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The electric activity associated with the twitch is termed a fasciculation potential fetal arrhythmia 38 weeks trusted 25mg esidrix. Glossary of Electrophysiologic Terms 849 Historically blood pressure chart according to age discount 12.5 mg esidrix amex, the term fibrillation was used incorrectly to arrhythmia dizziness esidrix 25 mg lowest price describe fine twitching of muscle fibers visible through the skin or mucous membranes heart attack female 12.5mg esidrix amex. Fasciculation Potential: the electric activity associated with a fasciculation which has the configuration of a motor unit activation potential but which occurs spontaneously. Instead, the configuration of the potentials, peak-topeak amplitude, duration, number of phases, stability of configuration, and frequency of occurrence, should be specified. Muscle fatigue is a reduction in contraction force following repeated voluntary contraction or electric stimulation. Fiber Density: (1) Anatomically, a measure of the number of muscle or nerve fibers per unit area. Fibrillation: the spontaneous contractions of individual muscle fibers which are not visible through the skin. This term has been used loosely in electromyography for the preferred term, fibrillation potential. Fibrillation Potential: the action potential of a single muscle fiber occurring spontaneously or after movement of a needle electrode. Consists of biphasic or triphasic spikes of short duration (usually less than 5 ms) with an initial positive phase and a peak-to-peak amplitude of less than 1 mV. May also have a biphasic, initially negative phase when recorded at the site of initiation. Firing Pattern: Qualitative and quantitative descriptions of the sequence of discharge of electric waveforms recorded from muscle or nerve. The relationship of the frequency to the occurrence of other potentials and the force of muscle contraction may be described. Flexor Reflex: A reflex produced by a noxious cutaneous stimulus, or a train of electrical stimuli, that activates the flexor muscles of a limb and thus acts to withdraw it from the stimulus. Frequency Analysis: Determination of the range of frequencies composing a waveform, with a measurement of the absolute or relative amplitude of each component frequency. Involves inverting all the waveforms below the isopotential line and displaying them with opposite polarity above the line. Generator: In volume conduction theory, the source of electrical activity, such as an action potential. Refers to a motor unit action potential with a peak-to-peak amplitude and duration much greater than the range found in corresponding muscles in normal subjects of similar age. Giant Somatosensory Evoked Potential: Enlarged somatosensory evoked potentials 850 Glossary of Electrophysiologic Terms seen as a characteristic of cortical reflex myoclonus and reflecting cortical hyperexcitability. Grid 1: Synonymous with G1, input terminal 1 (E-1), or active or exploring electrode. Used as a common return for an electric circuit and as an arbitrary zero potential reference point. Grouped Discharge: Term used historically to describe three phenomena: (1) irregular, voluntary grouping of motor unit action potentials as seen in a tremulous muscular contraction, (2) involuntary grouping of motor unit action potentials as seen in myokymia, (3) general term to describe repeated firing of motor unit action potentials. H Wave: A compound muscle action potential with a consistent latency recorded from muscles after stimulation of the nerve. Regularly found in adults only in a limited group of physiologic extensors, particularly the calf muscles. Compared to the M wave of the same muscle, has a longer latency and thus is one of the late responses (see A and F wave). A stimulus intensity sufficient to elicit a maximal amplitude M wave reduces or abolishes the H wave. Thought to be due to a spinal reflex, with electric stimulation of afferent fibers in the mixed nerve and activation of motor neurons to the muscle mainly through a monosynaptic connection in the spinal cord. Habituation: Decrease in size of a reflex motor response to an afferent stimulus when the latter is repeated, especially at regular and recurring short intervals. Hemifacial Spasm: Clinical condition characterized by frequent, repetitive, unilateral, involuntary contractions of the facial muscles. Electrodiagnostic studies demonstrate brief discharges of groups of motor unit action potentials occurring simultaneously in several facial muscles.
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The surgeon involved in the pre-operative planning must carefully consider and set up the points of trocar insertion blood pressure 5545 generic esidrix 12.5 mg amex. We normally use four trocars for all laparoscopic procedures including adnexal surgery pulse pressure in athletes cheap 25mg esidrix amex. Using this method systematically is helpful in anticipating the procedure and reducing operating times hypertension and kidney disease purchase esidrix 25 mg with amex. On the other hand prehypertension is defined by what value cheap esidrix 25 mg online, adding a fifth trocar can be justified if this facilitates or shortens the operation. The position of the trocars: did you ever stop to think why laparoscopic instruments are 43 cm in length? The balance between force (= fatigue) and precision depends on the ratio between the intra-abdominal and the extra abdominal part of the instrument: the more the ratio is shifted in favor of the extraabdominal part, the more precision will be gained, but the greater length means larger movements of the hands, which brings on fatigue more rapidly. The afore-mentioned ratio can be altered easily by shifting the point of trocar insertion away from the operating field. The most efficient balance is achieved when the ratio is 1:1, because the hand can feel the pressure of the tissue and the force exerted. This is why it is important to take your time to plan each point of trocar insertion; this time is not wasted. Other ergonomic rules, which may shorten operating times, are: placing two lateral trocars in a triangle with the primary trocar, never introducing more than one trocar parallel to the primary trocar, taking into account the axis of work and angles of approach (especially while suturing), etc. Letting the assistant perform some tasks that are better performed from his side. A very important property that is often forgotten is being able to introduce instruments into the trocar without looking away from the screen. For this to happen, the trocar must be at a right angle to the skin when there is no instrument inside it and it must have a wide opening. This means that trocars should be inserted not in the direction of the pelvis but at a right angle to the skin, the muscles and the aponeurosis, as shown in. Other surgeons, who frequently apply monopolar electrosurgery during which a lot of smoke is generated, prefer a trocar with a valve that allows to connect a smoke evacuation system. When an instrument of appropriate size is used, the contact point between the trocar and the abdominal wall corresponds with the pivot point, whereas the use of an instrument of smaller diameter involves that there are two contact points with the trocar (in the reducer and at the trocar tip). A third contact point is located between the trocar and the abdominal wall, and between the trocar and the reducer. As a result, there are two pivot points, one between the trocar and abdominal wall, and the other between the trocar and the reducer. It is better to begin the operation with 5 mm-trocars and change to 11 mm-trocars when a 10 mm-instrument is needed. Changing the trocar to 11 mm for suturing is not done automatically and depends on the number of sutures. If the need arises to make four or less sutures, it is preferable to maintain the small incisions for faster suturing although it is essential to change the trocar if a greater number of sutures is required. All of these actions can be performed easily when multifunctional instruments are used (such as bipolar forceps or monopolar scissors) in the following order: the surgeon holds the bipolar forceps in one hand and curved scissors, connected to the monopolar electrosurgical generator, in the other. In this way, the dominant hand is able to dissect, grasp, apply traction and coagulate while the non-dominant hand can cut (mechanically or electrically), coagulate by use of monopolar technique, lateralize and dissect. Thus, the surgeon is able to perform nine different actions and rarely needs to change instruments so as to enable performing a specific action. There are other acceptable ways of holding laparoscopic instruments provided this is done logically. Having a second bipolar forceps readily available allows the clean instrument to be used at all times without delay. Every surgeon must be responsible for checking the condition of the instruments in use to ensure their effective function. It should be decided upon during the first few minutes of the operation immediately after examining the operating field. It is not rare to see surgeons start on one side and then change sides when faced with an obstacle that frequently needs to be overcome, and probably could have been anticipated through careful strategy planning. An operation with a lot of stops, changes and pauses is much slower than a planned operation. Because of its special nature, laparoscopy requires that a few basic rules be observed.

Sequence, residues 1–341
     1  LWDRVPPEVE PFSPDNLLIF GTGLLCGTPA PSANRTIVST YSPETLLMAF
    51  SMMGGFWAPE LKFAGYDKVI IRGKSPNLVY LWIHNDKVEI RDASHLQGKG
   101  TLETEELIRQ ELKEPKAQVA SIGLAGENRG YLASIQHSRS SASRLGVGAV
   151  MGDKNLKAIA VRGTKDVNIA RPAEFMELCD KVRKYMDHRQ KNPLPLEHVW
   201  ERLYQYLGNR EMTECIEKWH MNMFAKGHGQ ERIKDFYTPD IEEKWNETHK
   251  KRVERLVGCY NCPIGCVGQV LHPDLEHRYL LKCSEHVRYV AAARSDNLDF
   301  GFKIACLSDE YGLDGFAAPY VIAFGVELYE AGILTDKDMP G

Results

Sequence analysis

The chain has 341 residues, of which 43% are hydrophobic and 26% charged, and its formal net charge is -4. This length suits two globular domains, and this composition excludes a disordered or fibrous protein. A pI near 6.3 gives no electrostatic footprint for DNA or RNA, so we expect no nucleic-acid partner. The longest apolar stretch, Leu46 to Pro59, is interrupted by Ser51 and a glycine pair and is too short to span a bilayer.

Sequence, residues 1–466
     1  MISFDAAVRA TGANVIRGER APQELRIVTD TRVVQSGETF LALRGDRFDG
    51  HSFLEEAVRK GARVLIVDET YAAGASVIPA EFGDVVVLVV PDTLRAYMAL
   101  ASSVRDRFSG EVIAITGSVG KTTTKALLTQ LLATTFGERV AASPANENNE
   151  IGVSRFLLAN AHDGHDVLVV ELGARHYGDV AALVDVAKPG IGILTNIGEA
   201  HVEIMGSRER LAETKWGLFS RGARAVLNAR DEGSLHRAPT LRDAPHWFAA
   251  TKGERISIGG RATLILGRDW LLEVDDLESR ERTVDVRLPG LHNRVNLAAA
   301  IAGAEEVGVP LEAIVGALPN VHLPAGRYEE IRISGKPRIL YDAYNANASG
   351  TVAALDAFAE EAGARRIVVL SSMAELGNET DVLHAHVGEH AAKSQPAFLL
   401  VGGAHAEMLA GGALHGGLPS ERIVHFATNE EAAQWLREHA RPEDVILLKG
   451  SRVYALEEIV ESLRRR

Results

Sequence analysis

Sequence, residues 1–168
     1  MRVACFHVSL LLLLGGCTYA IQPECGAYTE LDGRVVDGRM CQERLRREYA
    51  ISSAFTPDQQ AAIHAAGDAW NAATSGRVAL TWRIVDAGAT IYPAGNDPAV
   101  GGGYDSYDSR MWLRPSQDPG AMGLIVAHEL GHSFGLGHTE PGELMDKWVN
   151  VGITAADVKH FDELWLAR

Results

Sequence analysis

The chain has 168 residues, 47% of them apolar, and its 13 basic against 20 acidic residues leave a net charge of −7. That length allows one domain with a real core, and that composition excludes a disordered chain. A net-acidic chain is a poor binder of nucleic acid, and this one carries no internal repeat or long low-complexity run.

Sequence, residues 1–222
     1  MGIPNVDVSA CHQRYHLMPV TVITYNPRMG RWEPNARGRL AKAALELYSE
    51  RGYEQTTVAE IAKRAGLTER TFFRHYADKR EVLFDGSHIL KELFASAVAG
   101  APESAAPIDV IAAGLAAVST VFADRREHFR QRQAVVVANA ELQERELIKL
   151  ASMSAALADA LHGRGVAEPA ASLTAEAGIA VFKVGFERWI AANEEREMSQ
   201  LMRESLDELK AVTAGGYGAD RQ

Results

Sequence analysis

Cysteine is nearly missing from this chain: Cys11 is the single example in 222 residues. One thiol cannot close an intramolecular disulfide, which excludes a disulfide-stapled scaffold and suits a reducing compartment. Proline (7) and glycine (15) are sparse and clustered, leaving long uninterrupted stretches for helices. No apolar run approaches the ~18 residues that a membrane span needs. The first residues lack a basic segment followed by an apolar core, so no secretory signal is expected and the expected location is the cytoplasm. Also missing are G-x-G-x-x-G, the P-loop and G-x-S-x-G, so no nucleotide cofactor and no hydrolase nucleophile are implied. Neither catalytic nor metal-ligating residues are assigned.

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The location of most nerves can be identified reasonably well from anatomical landmarks for each nerve 10 purchase esidrix 25 mg. However heart attack pulse generic esidrix 12.5mg on-line, it must always be remembered that the exact location of a nerve can vary significantly among normal subjects pulse pressure in cardiac tamponade order esidrix 25mg without prescription. The most striking example is the peroneal nerve at the ankle; its position can vary from 0 heart attack xi cheap esidrix 12.5mg online. Therefore, when attempting to stimulate a motor nerve, the nerve must be localized to minimize stimulus intensity for lessened patient discomfort and to decrease the likelihood of current spread to other nerves. The stimulating electrode is then moved medially or laterally perpendicularly to the nerve without changing the stimulus intensity. However, if the amplitude decreases, the electrode is being moved away from the nerve. The electrode continues to be moved until the maximal amplitude is obtained with the original stimulus intensity. Needle electrodes can be placed immediately adjacent to the nerve, but this may require considerable probing in the tissue. The optimal location of a needle electrode can be obtained by repeated stimulation to identify the region of minimum threshold. When the anode and cathode are both immediately adjacent to the nerve, stimuli of less than 2 mA are adequate for activating all the motor axons. An anode at some distance from the nerve, either on the surface or elsewhere in the tissue, may be used with the needle cathode near the nerve. A distant anode can result in a somewhat higher threshold for activation, a greater risk of current spreading to 334 Clinical Neurophysiology the surrounding nerves, and a less accurate site of stimulation. These disadvantages are generally outweighed by the advantage of not having to probe the tissue with the anode to find the optimal location near the nerve. The invasive nature of needle stimulation and the time it takes to achieve optimal location of the stimulating electrode have made it less accepted than surface stimulation, unless a deep, focal conduction block is likely. In obese subjects or in cases of particularly deep nerves and in patients with peripheral nerve disease, a greater intensity of current may be needed to activate motor nerves. The intensity of a stimulus applied to a motor nerve is defined by total current flow, which is a function of the intensity of the applied voltage, the resistance to current flow, and the duration of the stimulus. It is characterized by several specific measurements, each of which reflects the physiologic activity occurring in the muscle or nerve. Both of these variables reflect the total number of muscle fibers that contribute to the potential. Ulnar (upper two traces) and peroneal (lower two traces) motor nerve conduction studies in severe critical illness myopathy. A1, stimulation at elbow (ulnar) and knee (peroneal); A2, stimulation at wrist (ulnar) and ankle (peroneal). The latency defines the time it takes the action potential to travel from the stimulation site to the recording site and depends mainly on the conduction time in the peripheral axons. If the electrodes are not over the end plates, latency also includes the time for conduction along the muscle fiber to the recording electrode. The reproducibility of latency measurements can be enhanced by automated measurement at a fixed voltage above baseline (200 V/cm is often recommended). The upper waveform is the response from stimulation at the elbow and the lower waveform from stimulation at the wrist. Because the latency measurements are made to the initial negativity, the conduction velocity measurement is that of the fastest conducting fibers. Paired stimulation techniques, in which the action potentials in the fast conducting fibers are obliterated by collision, have been used to measure conduction velocity in slower conducting axons. However, the additional clinical data provided by paired stimulation are not sufficiently useful clinically to make it a standard procedure. Top, Location of the active recording electrode with the reference electrode on the fifth digit.